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2 Tutorials that teach Sustainable Returns--Investor Impact
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Sustainable Returns--Investor Impact

Sustainable Returns--Investor Impact

Author: Sophia Tutorial

Identify roles of CEOs and investors that relate to fiduciary and social responsibility.

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what's covered
This tutorial will cover the topic of sustainable returns and investor impact, focusing on a CEO's fiduciary responsibilities to its shareholders and whether these responsibilities should extend beyond merely financial returns and include social responsibility. We will also discuss the ways that economists view the issue of sustainability and its challenges.

Our discussion breaks down as follows:

  1. Fiduciary Duty
  2. Investor Considerations
    1. Socially Responsible Investing (SRI)
  3. A CEO's Dilemma
  4. Investor Impact
    1. CEO Compensation
    2. Sustainable Returns
  5. Economists' Views on Sustainable Returns

1. Fiduciary Duty

Let's begin by thinking like an investor for a moment.

If you were looking to invest in a company, what is your top priority?

Well, you would want to make a decent return on your money, correct? Otherwise there is no point in investing.

However, is there anything else that you might consider? Would you care what the company is producing or how the company produces?

Keep these questions in mind as we go through this tutorial.

Fiduciary duty is the idea that any company has certain duties or responsibilities to its investors.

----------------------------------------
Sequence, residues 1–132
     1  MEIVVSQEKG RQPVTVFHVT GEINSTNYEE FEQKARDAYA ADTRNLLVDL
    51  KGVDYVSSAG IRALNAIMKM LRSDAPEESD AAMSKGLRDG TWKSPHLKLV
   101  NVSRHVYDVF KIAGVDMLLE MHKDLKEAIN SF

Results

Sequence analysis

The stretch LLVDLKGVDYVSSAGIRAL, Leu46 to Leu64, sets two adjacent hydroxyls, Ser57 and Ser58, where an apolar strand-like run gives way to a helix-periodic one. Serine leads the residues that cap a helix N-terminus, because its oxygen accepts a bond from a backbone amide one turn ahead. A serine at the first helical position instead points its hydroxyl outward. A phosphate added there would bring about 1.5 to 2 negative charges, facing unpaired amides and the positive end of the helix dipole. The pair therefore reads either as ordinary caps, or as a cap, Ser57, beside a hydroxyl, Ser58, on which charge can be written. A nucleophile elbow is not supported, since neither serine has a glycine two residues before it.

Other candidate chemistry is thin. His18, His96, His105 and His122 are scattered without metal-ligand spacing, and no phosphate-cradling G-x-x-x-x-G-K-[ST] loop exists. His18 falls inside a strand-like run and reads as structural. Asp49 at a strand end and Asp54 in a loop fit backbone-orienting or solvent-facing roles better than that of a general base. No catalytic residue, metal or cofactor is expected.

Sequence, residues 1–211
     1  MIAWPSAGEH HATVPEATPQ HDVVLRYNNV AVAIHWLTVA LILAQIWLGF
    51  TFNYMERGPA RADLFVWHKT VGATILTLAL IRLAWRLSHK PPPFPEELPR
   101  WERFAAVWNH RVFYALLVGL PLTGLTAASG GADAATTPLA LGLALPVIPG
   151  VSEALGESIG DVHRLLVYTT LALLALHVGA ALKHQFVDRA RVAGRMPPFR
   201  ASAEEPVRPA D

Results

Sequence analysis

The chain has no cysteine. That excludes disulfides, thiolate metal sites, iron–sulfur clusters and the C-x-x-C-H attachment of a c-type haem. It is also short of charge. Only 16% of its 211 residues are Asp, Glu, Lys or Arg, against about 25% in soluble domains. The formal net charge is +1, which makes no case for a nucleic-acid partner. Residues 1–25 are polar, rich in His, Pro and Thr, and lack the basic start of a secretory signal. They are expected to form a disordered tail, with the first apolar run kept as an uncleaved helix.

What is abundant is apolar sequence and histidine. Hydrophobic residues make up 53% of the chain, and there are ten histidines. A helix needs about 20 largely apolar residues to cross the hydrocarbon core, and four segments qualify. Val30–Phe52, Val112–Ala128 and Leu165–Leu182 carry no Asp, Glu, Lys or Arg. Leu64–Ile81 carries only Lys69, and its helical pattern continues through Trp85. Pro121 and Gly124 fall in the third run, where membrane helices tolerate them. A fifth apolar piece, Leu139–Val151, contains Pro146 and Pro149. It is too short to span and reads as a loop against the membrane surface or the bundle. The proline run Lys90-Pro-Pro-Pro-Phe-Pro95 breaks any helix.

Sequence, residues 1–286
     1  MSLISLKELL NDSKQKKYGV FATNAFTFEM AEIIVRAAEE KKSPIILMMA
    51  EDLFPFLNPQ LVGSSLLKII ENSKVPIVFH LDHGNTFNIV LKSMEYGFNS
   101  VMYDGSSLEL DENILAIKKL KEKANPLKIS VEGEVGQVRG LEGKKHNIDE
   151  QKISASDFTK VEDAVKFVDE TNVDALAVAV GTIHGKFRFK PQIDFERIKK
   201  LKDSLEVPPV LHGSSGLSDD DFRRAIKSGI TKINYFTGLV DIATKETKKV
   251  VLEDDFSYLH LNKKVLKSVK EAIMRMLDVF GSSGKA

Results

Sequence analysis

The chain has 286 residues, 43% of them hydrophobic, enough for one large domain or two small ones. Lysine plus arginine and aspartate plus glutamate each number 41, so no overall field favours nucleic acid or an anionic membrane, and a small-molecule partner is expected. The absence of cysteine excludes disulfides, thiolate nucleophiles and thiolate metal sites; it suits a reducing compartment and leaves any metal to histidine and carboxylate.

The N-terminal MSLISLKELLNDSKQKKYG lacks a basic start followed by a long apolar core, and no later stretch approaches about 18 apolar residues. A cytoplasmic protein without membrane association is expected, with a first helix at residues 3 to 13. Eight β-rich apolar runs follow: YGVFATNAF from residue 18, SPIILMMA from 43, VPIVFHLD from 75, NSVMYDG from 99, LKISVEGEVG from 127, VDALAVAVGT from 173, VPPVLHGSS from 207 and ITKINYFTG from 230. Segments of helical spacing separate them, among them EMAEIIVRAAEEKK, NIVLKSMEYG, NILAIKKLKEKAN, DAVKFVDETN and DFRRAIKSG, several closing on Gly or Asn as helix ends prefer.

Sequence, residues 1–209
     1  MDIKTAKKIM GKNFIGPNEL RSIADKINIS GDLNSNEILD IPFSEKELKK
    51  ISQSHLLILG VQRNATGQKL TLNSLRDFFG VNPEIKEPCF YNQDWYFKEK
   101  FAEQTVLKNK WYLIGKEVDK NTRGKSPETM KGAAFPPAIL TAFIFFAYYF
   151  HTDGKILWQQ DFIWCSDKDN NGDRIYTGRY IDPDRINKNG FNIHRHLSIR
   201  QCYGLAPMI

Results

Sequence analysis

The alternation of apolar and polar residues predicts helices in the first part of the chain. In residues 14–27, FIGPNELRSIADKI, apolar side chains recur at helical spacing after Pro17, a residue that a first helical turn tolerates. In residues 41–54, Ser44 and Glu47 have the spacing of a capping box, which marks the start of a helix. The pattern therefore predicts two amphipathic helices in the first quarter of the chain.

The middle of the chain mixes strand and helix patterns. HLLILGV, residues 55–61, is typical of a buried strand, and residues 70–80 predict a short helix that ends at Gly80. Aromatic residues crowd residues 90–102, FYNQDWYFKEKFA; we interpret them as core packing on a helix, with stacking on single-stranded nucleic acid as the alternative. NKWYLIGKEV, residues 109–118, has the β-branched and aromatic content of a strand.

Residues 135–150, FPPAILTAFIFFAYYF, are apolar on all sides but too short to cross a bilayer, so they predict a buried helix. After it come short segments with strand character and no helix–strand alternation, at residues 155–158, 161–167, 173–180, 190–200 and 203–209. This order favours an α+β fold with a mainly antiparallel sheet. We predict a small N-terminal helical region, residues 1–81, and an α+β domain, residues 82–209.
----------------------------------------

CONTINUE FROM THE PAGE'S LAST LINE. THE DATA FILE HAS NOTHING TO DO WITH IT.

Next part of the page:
First of all, that duty is to get them the highest return possible, but also do so with care, loyalty, and disclosure.

Generally, the focus has been on generating strong investment returns, which are reported in quarterly earnings performance.

However, this could also imply that companies have social responsibilities.

2. Investor Considerations

Now, what do investors consider when they are seeking companies?

Well, most investors seek companies with successful management teams. They look to leaders of the company to drive profits and make wise decisions for the company.

However, some investors, especially more so today, are also concerned with investing in socially responsible firms, or SRI, Socially Responsible Investing.

Some funds contain an index of only companies who follow high environmental, social, and governance standards.

2a. Socially Responsible Investing (SRI)

Socially Responsible Investing, or SRI, combines the goals of financial return and social good.

There are people who want to make money but they want to do it with companies that are doing something that is good, or at least not harming the environment, for instance.